Photo Information

Sergeant John F. Winnick, Sniper team leader, Scout Sniper Platoon, Headquarters and Service Company, 3rd Battalion, 1st Marines, 13th Marine Expeditionary Unit, Squeezes a 50. caliber round out of a M107, Special Applications Scoped Rifle at Udari Range, Kuwait, May 30, 2007. Sgt. Winnick, along with other Marines in his team, took advantage of the three-day range time to battle sight zero their weapons at both known and unknown distances in preparation for operations in Al Anbar, Iraq. (Official Marine Corps photo by Lance Cpl. Kyle J. Keathley)

Photo by Lance Cpl. Kyle J. Keathley

13th MEU Heats Up Training

4 Jun 2007 | Lance Cp. T. M.Stewman

UDARI RANGE, Kuwait (June 4, 2007) – The triple-digit temperature scorches the earth as Marines’ heads bobble up and down on rough, sandy terrain in the back of a seven-ton troop transport vehicle. There is no mall to hang out at, or McDonalds to grab a bite to eat. In fact, from all that the eye can see, it seems as though civilization itself packed up and moved away.

This desolate realm is where Marines of India Co., 3rd Battalion, 1st Marines have been for the past week doing what Marines do most — training. Since disembarking from Bonhomme Richard Expeditionary Strike Group ships May 25-28, Marines of Battalion Landing Team 3/1, and the rest of the 13th Marine Expeditionary Unit, have been training at Camp Buehring’s Udari Range in preparation of future operations in Iraq.

“Training in Kuwait can be extremely helpful for us considering where we will be doing operations,” said Lance Cpl. Troy Yocum, 2nd platoon squad automatic weapon gunner. “It gives all of us the chance to train in conditions we will be faced with in Iraq.”

The Marines began their extensive training with a fundamental instilled in every Marine: combat marksmanship.

“The only way to find out what needs to be worked on with a Marines’ rifle or shooting technique is to send some rounds down range and then make adjustments after,” said Lance Cpl. Nathan Kerr, 2nd platoon rifleman. “It’s a valuable tool.”

The Marines of India Co. continued training with an abundance of classes ranging from first aid to improvised explosive device detection.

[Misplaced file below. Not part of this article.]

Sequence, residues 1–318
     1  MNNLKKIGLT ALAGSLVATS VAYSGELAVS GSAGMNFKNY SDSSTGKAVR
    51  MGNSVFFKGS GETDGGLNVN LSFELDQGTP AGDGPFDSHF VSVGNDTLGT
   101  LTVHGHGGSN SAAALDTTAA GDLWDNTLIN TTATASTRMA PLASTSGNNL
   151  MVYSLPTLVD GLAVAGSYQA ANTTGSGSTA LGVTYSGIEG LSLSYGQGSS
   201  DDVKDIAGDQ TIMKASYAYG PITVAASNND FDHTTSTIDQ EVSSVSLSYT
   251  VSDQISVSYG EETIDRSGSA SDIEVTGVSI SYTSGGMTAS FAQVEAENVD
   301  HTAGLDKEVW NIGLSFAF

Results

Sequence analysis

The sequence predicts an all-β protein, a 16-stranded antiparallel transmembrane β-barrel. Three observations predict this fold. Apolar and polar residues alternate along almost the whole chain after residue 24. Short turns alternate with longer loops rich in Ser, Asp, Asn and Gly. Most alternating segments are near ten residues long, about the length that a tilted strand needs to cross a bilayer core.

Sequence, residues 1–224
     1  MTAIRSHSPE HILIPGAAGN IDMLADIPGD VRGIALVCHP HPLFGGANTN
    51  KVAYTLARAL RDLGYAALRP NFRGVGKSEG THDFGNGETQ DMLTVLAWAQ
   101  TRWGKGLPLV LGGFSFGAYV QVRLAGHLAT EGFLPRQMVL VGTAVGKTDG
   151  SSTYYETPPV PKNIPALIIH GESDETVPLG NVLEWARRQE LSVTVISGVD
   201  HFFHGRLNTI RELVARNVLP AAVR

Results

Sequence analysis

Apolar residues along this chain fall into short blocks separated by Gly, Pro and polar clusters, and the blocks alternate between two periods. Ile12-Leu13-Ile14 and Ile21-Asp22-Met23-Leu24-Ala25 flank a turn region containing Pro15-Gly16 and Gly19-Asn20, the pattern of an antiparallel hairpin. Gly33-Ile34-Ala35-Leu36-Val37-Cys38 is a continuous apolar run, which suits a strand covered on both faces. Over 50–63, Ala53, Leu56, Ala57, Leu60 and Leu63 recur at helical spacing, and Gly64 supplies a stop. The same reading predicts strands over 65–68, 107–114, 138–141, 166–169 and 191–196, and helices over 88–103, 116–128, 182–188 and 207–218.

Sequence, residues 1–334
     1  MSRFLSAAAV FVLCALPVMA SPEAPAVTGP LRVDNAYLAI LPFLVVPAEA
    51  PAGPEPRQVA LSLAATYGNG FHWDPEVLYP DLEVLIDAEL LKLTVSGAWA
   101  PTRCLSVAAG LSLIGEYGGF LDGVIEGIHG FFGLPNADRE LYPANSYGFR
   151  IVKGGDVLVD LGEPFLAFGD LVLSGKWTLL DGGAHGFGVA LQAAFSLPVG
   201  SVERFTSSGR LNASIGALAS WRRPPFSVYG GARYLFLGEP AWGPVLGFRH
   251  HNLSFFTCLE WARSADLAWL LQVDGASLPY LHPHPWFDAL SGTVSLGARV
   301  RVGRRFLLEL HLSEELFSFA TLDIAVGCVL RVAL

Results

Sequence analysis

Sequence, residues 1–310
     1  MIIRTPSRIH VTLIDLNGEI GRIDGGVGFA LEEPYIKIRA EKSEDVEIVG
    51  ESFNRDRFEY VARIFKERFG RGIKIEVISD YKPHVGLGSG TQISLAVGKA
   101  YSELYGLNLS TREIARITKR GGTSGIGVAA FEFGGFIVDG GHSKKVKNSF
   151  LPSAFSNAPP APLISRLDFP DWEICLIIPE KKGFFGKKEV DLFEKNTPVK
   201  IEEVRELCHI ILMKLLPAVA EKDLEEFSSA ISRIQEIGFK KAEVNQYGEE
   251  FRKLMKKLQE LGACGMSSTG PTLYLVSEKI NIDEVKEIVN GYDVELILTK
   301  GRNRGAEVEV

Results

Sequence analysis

“A lot of knowledge has been given to Marines since we’ve been here,” said Yocum. “Especially for those who haven’t been to Iraq, the information can play a big part in getting our job done.”

Convoy training and Military Operations in Urban Terrain (MOUT) training are considered to be the most important elements of preparation due to the type of enemy Coalition Forces face in the Global War on Terrorism. India Co. has made sure all Marines in the company received plenty of training in both dimensions, with convoy and MOUT courses that tested Marines mentally and physically in the blazing early June Kuwaiti desert.

In Iraq, convoys are extremely vulnerable to Improvised Explosive Devices. The training Marines receive helps eliminate the threat with new ways to find IEDs or prevent them from going off.

Kerr said that as far as finding and disabling IEDs, Marines have become much better trained since the war first began.

Unlike many wars of the past, the enemy is not always as easy to find.

“We are literally taking this war to the enemy’s doorstep,” said Kerr. “We need to be able to seek out the enemy amongst innocent bystanders and eliminate threats.”

Marines train for complicated tactics using “MOUT towns” which are buildings made to resemble the urban terrain Marines face on today’s battlefield. Full protective gear and fluidly moving at high speed, Marines complete scenarios that use escalation of force and rules of engagement along with fire and maneuver tactics to eliminate the enemy.


All in all, most 3/1 Marines feel there is really no better place to be training to get a feel for what is to come.

“It’s all about having the advantage over the enemy to accomplish our mission,” said Kerr. “It’s about bringing back all our guys, safe and sound.”


13th Marine Expeditionary Unit